Inside RCW 38, young stars bombard fledgling suns and planets with powerful winds and blazing light and some short-lived, massive stars explode as supernovae, whick sometimes cooks away the matter that would otherwise form new solar systems.
Did our own solar system form in that sort of hellish environment?
Astronomers have determined that most stars, including the low mass, reddish ones that outnumber all others in the Universe, originate in these matter-rich locations. Accordingly, embedded clusters provide scientists with a living laboratory in which to explore the mechanisms of star and planetary formation.
The RCW 38 massive cluster of stars, beginning with a wide angle view made with an amateur telescope, then using an image from Digitized Sky Survey 2, an image made with the MPG/ESO 2.2-metre telescope at La Silla and concluding with an image made with the NACO adaptive optics instrument attached to ESO’s Very Large Telescope. Credit: ESO, Digitized Sky Survey 2, A. Fujii. Music by John Dyson from the CD Darklight
“By looking at star clusters like RCW 38, we can learn a great deal about the origins of our Solar System and others, as well as those stars and planets that have yet to come”, says Kim DeRose, first author of the new study that appears in the Astronomical Journal. DeRose did her work on RCW 38 as an undergraduate student at the Harvard-Smithsonian Center for Astrophysics, USA.
Using the NACO adaptive optics instrument on ESO’s Very Large Telescope , astronomers have obtained the sharpest image yet of RCW 38. They focused on a small area in the centre of the cluster that surrounds the massive star IRS2, which glows in the searing, white-blue range, the hottest surface colour and temperatures possible for stars. These dramatic observations revealed that IRS2 is actually not one, but two stars — a binary system consisting of twin scorching stars, separated by about 500 times the Earth–Sun distance.
In the NACO image, the astronomers found a handful of protostars — the faintly luminous precursors to fully realised stars — and dozens of other candidate stars that have eked out an existence here despite the powerful ultraviolet light radiated by IRS2. Some of these gestating stars may, however, not get past the protostar stage. IRS2’s strong radiation energises and disperses the material that might otherwise collapse into new stars, or that has settled into so-called protoplanetary discs around developing stars. In the course of several million years, the surviving discs may give rise to the planets, moons and comets that make up planetary systems like our own.
As if intense ultraviolet rays were not enough, crowded stellar nurseries like RCW 38 also subject their brood to frequent supernovae when giant stars explode at the ends of their lives. These explosions scatter material throughout nearby space, including rare isotopes — exotic forms of chemical elements that are created in these dying stars. This ejected material ends up in the next generation of stars that form nearby. Because these isotopes have been detected in our Sun, scientists have concluded that the Sun formed in a cluster like RCW 38, rather than in a more rural portion of the Milky Way.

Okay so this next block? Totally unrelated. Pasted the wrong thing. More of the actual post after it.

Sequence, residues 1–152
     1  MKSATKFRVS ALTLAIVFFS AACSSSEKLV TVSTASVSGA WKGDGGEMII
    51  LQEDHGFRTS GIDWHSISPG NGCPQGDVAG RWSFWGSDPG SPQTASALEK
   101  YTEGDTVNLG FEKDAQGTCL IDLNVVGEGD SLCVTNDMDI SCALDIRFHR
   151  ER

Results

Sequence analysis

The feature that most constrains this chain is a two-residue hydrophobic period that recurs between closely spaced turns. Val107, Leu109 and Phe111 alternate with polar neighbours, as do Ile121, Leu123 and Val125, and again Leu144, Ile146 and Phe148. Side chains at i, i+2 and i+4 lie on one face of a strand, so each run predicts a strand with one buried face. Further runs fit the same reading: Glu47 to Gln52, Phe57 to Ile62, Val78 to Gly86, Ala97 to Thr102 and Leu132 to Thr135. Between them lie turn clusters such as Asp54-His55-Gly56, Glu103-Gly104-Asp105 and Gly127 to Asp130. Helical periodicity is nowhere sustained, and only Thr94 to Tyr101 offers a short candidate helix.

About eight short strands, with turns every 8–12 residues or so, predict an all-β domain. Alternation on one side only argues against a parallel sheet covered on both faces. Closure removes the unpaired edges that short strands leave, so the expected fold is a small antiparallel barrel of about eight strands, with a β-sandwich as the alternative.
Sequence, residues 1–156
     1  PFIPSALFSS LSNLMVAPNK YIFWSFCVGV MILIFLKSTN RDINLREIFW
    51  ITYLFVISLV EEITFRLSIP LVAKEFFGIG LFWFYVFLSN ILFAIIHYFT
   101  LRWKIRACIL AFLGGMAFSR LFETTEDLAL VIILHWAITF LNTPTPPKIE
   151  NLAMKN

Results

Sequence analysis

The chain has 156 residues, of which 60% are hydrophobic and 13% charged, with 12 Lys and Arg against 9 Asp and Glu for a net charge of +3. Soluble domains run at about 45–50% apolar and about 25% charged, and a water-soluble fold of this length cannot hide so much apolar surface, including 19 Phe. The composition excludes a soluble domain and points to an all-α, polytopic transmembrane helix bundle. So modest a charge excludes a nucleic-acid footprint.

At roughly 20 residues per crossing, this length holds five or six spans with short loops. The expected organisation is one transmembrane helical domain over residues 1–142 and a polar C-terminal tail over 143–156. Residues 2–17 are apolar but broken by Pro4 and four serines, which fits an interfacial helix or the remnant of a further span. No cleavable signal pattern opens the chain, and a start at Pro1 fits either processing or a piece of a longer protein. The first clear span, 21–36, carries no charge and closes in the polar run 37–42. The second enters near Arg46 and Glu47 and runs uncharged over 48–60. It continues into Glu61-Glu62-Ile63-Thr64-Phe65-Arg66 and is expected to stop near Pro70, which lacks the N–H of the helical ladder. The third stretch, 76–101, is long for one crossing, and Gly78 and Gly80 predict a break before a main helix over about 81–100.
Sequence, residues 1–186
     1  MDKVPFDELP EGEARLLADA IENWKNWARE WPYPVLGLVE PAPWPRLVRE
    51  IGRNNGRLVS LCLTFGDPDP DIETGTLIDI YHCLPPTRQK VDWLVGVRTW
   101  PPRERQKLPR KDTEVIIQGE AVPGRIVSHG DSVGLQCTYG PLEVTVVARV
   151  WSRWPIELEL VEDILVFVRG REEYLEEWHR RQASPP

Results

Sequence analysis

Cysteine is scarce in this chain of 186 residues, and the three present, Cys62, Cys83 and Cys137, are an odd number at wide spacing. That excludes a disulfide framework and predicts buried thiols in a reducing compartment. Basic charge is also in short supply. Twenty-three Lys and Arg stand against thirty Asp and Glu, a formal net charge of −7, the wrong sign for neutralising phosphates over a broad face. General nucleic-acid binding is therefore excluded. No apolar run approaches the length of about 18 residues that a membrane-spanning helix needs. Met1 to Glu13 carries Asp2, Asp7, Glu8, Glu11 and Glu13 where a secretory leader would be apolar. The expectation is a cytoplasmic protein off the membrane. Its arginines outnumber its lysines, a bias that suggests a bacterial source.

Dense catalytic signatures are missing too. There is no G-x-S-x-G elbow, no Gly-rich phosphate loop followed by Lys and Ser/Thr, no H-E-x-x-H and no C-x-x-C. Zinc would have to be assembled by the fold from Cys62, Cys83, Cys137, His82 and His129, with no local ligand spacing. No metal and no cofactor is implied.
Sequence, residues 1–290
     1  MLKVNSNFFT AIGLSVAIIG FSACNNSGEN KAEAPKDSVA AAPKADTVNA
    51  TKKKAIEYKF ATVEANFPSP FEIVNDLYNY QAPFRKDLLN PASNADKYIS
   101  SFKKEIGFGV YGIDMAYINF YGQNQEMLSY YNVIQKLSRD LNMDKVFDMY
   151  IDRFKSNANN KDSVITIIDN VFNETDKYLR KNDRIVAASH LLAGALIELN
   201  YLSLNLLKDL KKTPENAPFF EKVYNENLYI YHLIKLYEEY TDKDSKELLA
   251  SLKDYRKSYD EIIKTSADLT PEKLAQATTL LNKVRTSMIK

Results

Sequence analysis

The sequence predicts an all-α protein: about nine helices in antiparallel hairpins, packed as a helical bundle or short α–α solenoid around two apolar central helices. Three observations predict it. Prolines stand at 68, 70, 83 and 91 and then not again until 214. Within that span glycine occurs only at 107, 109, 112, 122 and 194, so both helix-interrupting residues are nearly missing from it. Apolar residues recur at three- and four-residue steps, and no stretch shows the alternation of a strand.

Wider region surrounding the star cluster RCW 38, located about 5500 light years away in the direction of the constellation Vela (the Sails). RCW 38 is an "embedded" cluster, in that the nascent cloud of dust and gas still envelops its stars. There, young, titanic stars bombard fledgling suns and planets with powerful winds and large amount of light, helped in their devastating task by short- lived, massive stars that explode as supernovae. In some cases, this energetic onslaught cooks away the matter that may eventually form new planetary systems. Scientists think that our own Solar System emerged from such a dramatic environment. Image was obtained with the Wide Field Imager instrument on the MPG/ESO 2.2-metre telescope at La Silla, using data collected through four filters (B, V, R and H-alpha). The field of view is 30 arcminutes. Credit: ESO
“Overall, the details of astronomical objects that adaptive optics reveals are critical in understanding how new stars and planets form in complex, chaotic regions like RCW 38”, says co-author Dieter Nürnberger.
The name “NACO” is a combination of the Nasmyth Adaptive Optics System (NAOS) and the Near-Infrared Imager and Spectrograph (CONICA). Adaptive optics cancels out most of the image-distorting turbulence in Earth’s atmosphere caused by temperature variations and wind.
The team is composed of K.L. DeRose, T.L. Bourke, R.A. Gutermuth and S.J. Wolk (Harvard-Smithsonian Center for Astrophysics, Cambridge, USA), S.T. Megeath (Department of Physics and Astronomy, The University of Toledo, USA), J. Alves (Centro Astronómico Hispano Alemán, Almeria, Spain), and D. Nürnberger (ESO).
Article: Astronomical Journal: A Very Large Telescope / NACO study of star formation in the massive embedded cluster RCW 38, by DeRose et al. (2009, AJ, 138, 33-45). doi: 10.1088/0004-6256/138/1/33